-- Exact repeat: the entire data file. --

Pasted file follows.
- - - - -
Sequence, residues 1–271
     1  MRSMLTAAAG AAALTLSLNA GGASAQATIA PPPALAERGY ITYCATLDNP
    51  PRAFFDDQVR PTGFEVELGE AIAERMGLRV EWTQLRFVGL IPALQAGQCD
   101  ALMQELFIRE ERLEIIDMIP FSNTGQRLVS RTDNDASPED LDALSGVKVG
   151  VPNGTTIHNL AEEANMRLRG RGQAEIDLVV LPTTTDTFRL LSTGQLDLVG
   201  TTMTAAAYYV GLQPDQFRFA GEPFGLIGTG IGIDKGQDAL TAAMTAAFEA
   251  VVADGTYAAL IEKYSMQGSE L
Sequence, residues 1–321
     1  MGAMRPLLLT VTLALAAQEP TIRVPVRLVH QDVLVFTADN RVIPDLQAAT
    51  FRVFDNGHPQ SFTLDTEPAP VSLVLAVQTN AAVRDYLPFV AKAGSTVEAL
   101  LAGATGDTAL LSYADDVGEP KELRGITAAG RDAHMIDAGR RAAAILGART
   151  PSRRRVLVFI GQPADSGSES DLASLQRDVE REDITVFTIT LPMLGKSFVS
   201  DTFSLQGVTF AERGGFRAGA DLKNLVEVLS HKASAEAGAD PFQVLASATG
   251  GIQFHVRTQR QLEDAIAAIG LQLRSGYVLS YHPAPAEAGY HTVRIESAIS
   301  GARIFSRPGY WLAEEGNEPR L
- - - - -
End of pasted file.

Sequence, residues 1–271
     1  MRSMLTAAAG AAALTLSLNA GGASAQATIA PPPALAERGY ITYCATLDNP
    51  PRAFFDDQVR PTGFEVELGE AIAERMGLRV EWTQLRFVGL IPALQAGQCD
   101  ALMQELFIRE ERLEIIDMIP FSNTGQRLVS RTDNDASPED LDALSGVKVG
   151  VPNGTTIHNL AEEANMRLRG RGQAEIDLVV LPTTTDTFRL LSTGQLDLVG
   201  TTMTAAAYYV GLQPDQFRFA GEPFGLIGTG IGIDKGQDAL TAAMTAAFEA
   251  VVADGTYAAL IEKYSMQGSE L
Sequence, residues 1–321
     1  MGAMRPLLLT VTLALAAQEP TIRVPVRLVH QDVLVFTADN RVIPDLQAAT
    51  FRVFDNGHPQ SFTLDTEPAP VSLVLAVQTN AAVRDYLPFV AKAGSTVEAL
   101  LAGATGDTAL LSYADDVGEP KELRGITAAG RDAHMIDAGR RAAAILGART
   151  PSRRRVLVFI GQPADSGSES DLASLQRDVE REDITVFTIT LPMLGKSFVS
   201  DTFSLQGVTF AERGGFRAGA DLKNLVEVLS HKASAEAGAD PFQVLASATG
   251  GIQFHVRTQR QLEDAIAAIG LQLRSGYVLS YHPAPAEAGY HTVRIESAIS
   301  GARIFSRPGY WLAEEGNEPR L